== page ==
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One of my biggest regrets (aside from getting food poisoning) about my 2010 trip to Japan is that I didn't get a chance to visit a cat cafe in Tokyo. While I wasn't a serious blogger at the time, and didn't know as much about cat culture, part of me feels that I should have subconsciously been aware of the phenomena, and found some way to partake in the experience.
I'm not sure I'll ever get the chance to return, but if I do, one of my first stops will be to the Calico Cat Cafe featured in this mini documentary by The Guardian. While the idea of paying to enjoy the company of cats - when you can do the exact same thing at home for free - may seem absurd to some, it follows the same line of logic that makes us pay $15 to go see a movie, when we could just as easily watch one from the comfort of our couch.
Aside from my Western fantasies, the Asian cat cafe craze has been bolstered in part by the fact that many urban dwellers are unable to keep cats in their small apartments, or are charged exorbitant fees for doing so. When forced to live this kind of cat-less lifestyle, the rent-a-pet model becomes less of a luxury, and more of a much needed service to the cat loving people of Japan.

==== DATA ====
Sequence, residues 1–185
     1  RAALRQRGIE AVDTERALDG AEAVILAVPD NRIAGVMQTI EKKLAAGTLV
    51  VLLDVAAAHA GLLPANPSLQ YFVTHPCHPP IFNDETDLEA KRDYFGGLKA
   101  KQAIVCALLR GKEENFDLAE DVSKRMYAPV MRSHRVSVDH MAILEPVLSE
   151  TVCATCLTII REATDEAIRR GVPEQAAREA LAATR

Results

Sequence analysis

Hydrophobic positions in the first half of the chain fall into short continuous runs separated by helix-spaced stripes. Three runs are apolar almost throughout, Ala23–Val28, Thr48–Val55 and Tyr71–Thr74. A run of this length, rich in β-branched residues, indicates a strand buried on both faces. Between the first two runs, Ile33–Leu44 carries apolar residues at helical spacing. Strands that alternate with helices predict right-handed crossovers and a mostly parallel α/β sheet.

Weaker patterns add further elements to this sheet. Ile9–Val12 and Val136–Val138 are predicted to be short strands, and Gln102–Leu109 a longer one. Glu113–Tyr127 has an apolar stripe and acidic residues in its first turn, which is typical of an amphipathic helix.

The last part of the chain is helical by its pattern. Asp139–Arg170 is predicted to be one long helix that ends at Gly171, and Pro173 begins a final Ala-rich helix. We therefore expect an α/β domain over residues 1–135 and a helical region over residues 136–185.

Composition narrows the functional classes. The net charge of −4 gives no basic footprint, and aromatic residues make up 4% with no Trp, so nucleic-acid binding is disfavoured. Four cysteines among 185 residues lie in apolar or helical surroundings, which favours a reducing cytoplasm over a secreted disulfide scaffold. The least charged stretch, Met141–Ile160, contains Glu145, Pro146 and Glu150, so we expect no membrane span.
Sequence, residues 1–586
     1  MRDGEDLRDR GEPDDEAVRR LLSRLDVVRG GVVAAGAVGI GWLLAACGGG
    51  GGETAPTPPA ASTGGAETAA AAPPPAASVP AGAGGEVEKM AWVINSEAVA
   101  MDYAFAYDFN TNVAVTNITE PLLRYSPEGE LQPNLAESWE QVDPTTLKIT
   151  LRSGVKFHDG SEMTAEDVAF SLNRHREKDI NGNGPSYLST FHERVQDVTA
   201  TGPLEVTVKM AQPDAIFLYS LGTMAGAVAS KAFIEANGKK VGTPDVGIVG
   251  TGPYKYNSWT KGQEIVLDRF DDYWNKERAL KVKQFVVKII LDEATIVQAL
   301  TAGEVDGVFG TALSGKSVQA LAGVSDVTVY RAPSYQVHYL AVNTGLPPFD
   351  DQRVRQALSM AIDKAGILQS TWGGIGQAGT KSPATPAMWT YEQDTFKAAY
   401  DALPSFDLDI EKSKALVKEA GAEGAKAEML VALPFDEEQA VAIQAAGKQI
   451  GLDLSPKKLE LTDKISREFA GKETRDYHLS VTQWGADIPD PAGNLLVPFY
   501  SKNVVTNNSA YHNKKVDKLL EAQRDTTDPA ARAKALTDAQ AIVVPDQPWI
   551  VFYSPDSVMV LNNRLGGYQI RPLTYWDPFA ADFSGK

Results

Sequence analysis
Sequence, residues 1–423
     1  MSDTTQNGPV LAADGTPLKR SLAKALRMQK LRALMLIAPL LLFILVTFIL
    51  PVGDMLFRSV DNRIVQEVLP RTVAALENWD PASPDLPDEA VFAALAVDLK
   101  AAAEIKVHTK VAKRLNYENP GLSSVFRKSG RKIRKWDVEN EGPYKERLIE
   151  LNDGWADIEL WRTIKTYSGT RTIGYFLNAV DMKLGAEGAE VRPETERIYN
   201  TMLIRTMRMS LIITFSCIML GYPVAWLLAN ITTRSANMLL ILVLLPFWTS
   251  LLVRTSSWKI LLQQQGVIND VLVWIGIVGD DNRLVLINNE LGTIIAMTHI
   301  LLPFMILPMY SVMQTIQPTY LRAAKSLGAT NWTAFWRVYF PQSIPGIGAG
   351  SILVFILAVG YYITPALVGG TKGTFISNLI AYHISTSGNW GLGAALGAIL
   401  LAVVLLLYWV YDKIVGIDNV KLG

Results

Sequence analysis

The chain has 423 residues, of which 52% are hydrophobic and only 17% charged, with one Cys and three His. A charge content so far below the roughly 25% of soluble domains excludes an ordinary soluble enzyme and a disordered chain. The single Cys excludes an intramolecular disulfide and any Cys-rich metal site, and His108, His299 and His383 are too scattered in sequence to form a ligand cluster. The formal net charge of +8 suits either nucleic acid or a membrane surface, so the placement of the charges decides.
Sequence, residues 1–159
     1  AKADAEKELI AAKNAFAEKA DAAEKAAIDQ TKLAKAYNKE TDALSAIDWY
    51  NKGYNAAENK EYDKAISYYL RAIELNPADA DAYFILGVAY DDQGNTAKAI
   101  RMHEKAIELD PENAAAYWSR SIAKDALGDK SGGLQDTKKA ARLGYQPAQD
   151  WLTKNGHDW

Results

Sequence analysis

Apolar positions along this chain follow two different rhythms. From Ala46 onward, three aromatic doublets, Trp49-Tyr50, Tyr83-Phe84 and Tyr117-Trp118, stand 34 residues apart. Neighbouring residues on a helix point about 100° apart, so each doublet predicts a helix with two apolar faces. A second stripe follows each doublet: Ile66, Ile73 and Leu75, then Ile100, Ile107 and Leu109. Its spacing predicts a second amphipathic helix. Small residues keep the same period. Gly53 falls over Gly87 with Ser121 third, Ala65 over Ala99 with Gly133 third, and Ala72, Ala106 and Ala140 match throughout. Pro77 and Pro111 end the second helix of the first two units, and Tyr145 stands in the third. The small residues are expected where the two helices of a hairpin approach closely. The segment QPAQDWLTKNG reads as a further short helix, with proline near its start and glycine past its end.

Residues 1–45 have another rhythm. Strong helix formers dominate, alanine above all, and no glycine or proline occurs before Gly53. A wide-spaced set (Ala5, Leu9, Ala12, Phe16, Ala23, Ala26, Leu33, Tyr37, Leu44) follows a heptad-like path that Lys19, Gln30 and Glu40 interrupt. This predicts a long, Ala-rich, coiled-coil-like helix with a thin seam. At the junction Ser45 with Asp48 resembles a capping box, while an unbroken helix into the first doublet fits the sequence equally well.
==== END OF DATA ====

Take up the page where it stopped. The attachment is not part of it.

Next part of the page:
When I've posted about cat cafes in the past, the question always comes up as to why there aren't any in the United States. It's unclear to me how Japan - one of the most fastidious and cleanest countries in the world - manages to make provisions for the cafes, while the practice remains roundly forbidden by the U.S. Department of Health. As an example, Matilda - the longtime resident feline at The Algonquin Hotel in New York City - was put on a leash in November after years of free reign, after someone made a complaint, and the health department suggested that "pets in food-service facilities are no longer commingled."
For now, the mystical cat cafe will have to remain a dream for many us, but hopefully one day we'll all be able to live in a world where tea with a side of cats is always on the menu.
Via The Guardian